Notice. Capture. Learn. An interview with Marty Colón

If you’re on the fence about participating in our upcoming Field Journaling Workshop on September 8th and 9th, we’ve got the push you may need! We spent a little time with the instructor of this wonderful course, Marty Colón, and learned a bit more about his views on field journaling, creativity, his love of fall, and a few things in between. Sit back and enjoy another Two Hands exclusive artist interview!

TWO HANDS Paperie: Did you grow up in Colorado or some other outdoor wonderland?

Marty: I grew up in rural Michigan, outside of Ann Arbor, with access to wonderful forests, fields, ponds and streams.  My family has a cabin in northern Michigan, on Lake Michigan, where I spent most weekends and summers. Northern Michigan was definitely an outdoor wonderland, with deep forests, vast dunes, clear rivers and miles of empty beaches to explore.

TWO HANDS Paperie: When did you get into field journaling?

I’ve always enjoyed drawing. After college, when I started guiding wilderness trips, I became interested in blending writing with my sketches. This was mostly in an effort to notice more, capture more information, and learn more while out in nature.

TWO HANDS Paperie: Do you completely finish a journal before starting a new one?

Marty: I keep different journals for different purposes. For example, I keep a road-trip journal, some place-specific journals, a tracking journal, a general “exploring nature journal” and so on.  So typically I’m working in several journals simultaneously.

TWO HANDS Paperie: Is there anything you don’t leave the house without when you’re off to sketch?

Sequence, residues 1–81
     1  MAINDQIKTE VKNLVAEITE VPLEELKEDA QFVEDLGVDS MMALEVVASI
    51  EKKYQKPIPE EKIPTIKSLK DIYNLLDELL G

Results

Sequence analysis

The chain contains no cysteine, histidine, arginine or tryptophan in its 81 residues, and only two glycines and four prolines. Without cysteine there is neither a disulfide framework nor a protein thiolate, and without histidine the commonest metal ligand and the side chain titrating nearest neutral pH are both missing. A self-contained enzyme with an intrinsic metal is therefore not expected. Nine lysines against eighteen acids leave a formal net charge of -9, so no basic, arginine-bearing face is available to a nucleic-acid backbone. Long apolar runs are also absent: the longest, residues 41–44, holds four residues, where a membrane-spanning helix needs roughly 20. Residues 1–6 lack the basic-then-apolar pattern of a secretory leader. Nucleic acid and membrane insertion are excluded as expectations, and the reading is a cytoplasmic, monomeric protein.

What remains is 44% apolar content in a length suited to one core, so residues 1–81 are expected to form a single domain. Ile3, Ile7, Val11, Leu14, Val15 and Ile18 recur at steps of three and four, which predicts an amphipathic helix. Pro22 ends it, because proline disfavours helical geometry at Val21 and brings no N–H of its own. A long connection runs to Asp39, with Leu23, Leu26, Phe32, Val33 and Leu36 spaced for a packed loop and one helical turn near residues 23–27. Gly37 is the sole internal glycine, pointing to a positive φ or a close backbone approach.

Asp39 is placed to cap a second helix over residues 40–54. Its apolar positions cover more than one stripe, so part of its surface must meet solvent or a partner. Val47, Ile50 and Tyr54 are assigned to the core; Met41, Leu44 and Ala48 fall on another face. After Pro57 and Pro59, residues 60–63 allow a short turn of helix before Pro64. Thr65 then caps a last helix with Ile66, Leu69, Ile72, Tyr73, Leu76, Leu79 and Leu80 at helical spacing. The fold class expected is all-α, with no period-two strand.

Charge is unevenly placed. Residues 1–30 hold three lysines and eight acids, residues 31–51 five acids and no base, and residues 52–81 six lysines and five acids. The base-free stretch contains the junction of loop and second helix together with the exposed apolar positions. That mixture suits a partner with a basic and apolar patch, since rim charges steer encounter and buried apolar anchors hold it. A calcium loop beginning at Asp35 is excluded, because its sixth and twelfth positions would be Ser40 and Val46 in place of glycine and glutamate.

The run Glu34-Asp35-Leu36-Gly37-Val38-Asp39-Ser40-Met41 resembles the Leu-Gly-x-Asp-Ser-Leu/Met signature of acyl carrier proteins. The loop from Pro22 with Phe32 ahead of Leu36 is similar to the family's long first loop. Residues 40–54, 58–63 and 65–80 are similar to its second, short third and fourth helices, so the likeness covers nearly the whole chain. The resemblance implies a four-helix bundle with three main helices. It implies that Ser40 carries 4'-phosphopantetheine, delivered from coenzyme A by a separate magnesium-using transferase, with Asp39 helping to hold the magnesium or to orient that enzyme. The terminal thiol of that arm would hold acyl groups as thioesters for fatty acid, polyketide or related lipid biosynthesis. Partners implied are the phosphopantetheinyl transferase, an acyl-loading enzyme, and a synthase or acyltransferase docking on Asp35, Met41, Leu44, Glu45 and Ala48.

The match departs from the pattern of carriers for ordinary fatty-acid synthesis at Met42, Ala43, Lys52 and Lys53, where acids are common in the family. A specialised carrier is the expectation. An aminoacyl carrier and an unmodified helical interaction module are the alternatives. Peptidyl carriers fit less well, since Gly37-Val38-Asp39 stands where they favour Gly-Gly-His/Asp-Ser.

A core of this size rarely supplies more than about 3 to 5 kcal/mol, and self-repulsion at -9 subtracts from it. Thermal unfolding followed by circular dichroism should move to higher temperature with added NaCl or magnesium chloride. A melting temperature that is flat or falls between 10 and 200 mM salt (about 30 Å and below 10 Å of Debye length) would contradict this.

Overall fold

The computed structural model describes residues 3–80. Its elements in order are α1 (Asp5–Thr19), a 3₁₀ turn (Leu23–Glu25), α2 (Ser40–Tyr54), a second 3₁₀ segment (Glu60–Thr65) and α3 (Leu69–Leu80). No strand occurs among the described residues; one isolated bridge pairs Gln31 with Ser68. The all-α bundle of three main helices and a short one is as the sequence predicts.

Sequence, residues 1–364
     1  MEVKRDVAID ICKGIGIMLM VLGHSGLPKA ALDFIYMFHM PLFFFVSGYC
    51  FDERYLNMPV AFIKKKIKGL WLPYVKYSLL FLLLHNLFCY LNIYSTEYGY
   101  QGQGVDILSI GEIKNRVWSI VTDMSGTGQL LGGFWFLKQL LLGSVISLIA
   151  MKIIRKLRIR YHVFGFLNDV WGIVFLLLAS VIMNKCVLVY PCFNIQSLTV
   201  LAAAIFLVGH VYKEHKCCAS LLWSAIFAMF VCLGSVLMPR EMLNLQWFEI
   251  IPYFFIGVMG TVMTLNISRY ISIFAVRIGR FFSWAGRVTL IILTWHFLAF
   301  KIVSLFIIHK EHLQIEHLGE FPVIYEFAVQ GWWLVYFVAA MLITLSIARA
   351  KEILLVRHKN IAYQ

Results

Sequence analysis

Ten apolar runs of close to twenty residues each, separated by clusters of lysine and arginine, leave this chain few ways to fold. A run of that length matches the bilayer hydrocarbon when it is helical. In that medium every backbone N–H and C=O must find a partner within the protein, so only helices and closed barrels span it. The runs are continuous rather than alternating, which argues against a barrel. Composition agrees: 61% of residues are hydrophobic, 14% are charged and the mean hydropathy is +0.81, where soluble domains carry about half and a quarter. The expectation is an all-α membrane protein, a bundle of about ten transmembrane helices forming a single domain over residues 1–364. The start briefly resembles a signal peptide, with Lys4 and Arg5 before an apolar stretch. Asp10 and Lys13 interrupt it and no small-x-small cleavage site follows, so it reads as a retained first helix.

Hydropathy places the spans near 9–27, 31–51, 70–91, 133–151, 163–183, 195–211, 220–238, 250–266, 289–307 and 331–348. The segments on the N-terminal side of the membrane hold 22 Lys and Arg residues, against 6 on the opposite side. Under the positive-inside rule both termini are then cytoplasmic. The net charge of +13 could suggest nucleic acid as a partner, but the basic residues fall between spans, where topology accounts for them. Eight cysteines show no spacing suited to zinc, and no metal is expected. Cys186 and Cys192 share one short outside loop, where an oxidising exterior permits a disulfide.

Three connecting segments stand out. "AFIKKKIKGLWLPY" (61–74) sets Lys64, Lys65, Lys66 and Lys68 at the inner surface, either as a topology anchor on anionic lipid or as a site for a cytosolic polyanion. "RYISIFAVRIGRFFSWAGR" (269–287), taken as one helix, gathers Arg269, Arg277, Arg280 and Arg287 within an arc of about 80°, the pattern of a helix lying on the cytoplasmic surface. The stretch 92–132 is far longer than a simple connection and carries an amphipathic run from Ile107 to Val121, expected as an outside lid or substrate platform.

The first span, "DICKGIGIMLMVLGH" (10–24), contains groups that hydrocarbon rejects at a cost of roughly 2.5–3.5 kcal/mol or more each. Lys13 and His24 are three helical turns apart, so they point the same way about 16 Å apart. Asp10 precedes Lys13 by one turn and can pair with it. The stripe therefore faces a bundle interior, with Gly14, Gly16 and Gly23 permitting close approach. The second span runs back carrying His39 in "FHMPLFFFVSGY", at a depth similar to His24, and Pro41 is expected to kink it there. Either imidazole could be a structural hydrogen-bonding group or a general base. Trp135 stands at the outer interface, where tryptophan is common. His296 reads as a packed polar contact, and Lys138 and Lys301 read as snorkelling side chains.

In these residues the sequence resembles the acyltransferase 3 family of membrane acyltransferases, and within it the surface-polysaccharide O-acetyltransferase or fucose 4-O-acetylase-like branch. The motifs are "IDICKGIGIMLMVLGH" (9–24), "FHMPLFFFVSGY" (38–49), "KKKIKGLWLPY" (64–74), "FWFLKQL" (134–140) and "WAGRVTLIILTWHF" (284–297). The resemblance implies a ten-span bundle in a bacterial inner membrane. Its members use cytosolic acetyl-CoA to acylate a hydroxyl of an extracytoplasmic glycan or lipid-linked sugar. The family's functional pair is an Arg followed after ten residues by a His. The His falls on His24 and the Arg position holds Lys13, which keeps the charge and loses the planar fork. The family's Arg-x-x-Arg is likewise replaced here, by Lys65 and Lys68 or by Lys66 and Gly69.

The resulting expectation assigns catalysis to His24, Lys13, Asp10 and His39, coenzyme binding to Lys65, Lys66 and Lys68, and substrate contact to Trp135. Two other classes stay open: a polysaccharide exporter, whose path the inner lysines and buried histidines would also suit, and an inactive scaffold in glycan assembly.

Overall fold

Marty: I tend to travel pretty lightly when I’m afield.  Sometimes I head out equipped with a fuller compliment of gear—pens, watercolors, different weight papers—other times I head out with the bare minimum, but I always take at least a pad of heavy paper, a mechanical pencil, and a couple of pens.

TWO HANDS Paperie: When you get stuck or bored with your art, how do you find a new wind? What is your inspiration?

Marty: I know this will sound Pollyannaish, but honestly, I don’t get stuck or bored with art.  Especially since my son was born, time for me to do art is rare. So, when I have the opportunity, I usually have dozens of ideas and techniques I’m dying to explore.  With both writing and art, if I feel at all uninspired, I know to not worry about creating anything “great” and just get busy filling up pages. In other words, I WAY lower my expectations, and just start having fun on the paper.

TWO HANDS Paperie: What words of wisdom have you carried with you about life or art or living?

Marty: My mantra for field journaling is to make it “no big deal”!  To me, this means lowering my standards, feeling free to experiment and make a mess, just filling up pages with writing and sketching with little concern for the results, and making it FUN. For me, that’s the touchstone attitude.

TWO HANDS Paperie: What do you enjoy most about fall?

Marty: Having recently moved down from the mountains to the plains, the cooler weather will be welcome!  But I love everything about fall—the cold nights, the colors, the obvious shift in seasons, the migration movements of birds and mammals, and the increased activity that makes many mammals easier to see.

TWO HANDS Paperie: What excites you most?

Marty: Exploring the natural world—both close to home and in North America’s wildest corners.  Being with friends and family.  Teaching—sharing skills and concepts that can change what people understand, what they can experience, and what they can do.

TWO HANDS Paperie: Many people say they aren’t creative. What do you say to that?

Marty: I don’t buy it! But over the years I’ve learned not to argue with peoples’ self-perceptions and beliefs.  Instead I just get them to get to work.  I’ve built my field journal classes around strategies that get people drawing and writing in ways that prevent them from controlling the results.  This outwits their need to always try to create beautiful pictures and brilliant writing every time they put pencil to paper!

I’ve found that when I can get people to stop worrying about the outcome, to turn off their internal censor, and just start making marks on the page, they usually discover they can be plenty creative.

Marty will be teaching TWO HANDS Paperie’s Field Journaling Workshop in early September. Stop by the store or visit our website for more information.